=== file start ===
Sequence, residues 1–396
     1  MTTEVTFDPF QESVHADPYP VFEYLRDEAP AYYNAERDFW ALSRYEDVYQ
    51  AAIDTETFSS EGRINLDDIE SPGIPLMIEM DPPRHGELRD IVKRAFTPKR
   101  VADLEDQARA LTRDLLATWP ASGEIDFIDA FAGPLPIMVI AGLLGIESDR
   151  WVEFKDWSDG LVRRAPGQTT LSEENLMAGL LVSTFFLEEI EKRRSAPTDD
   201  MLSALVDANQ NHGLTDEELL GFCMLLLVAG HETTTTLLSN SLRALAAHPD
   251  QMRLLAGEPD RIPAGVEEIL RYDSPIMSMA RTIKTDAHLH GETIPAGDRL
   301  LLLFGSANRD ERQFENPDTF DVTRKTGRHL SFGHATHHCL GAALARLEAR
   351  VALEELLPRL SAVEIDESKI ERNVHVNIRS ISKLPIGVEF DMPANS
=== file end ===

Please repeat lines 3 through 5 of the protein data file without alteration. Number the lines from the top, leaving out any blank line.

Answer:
    51  AAIDTETFSS EGRINLDDIE SPGIPLMIEM DPPRHGELRD IVKRAFTPKR
   101  VADLEDQARA LTRDLLATWP ASGEIDFIDA FAGPLPIMVI AGLLGIESDR
   151  WVEFKDWSDG LVRRAPGQTT LSEENLMAGL LVSTFFLEEI EKRRSAPTDD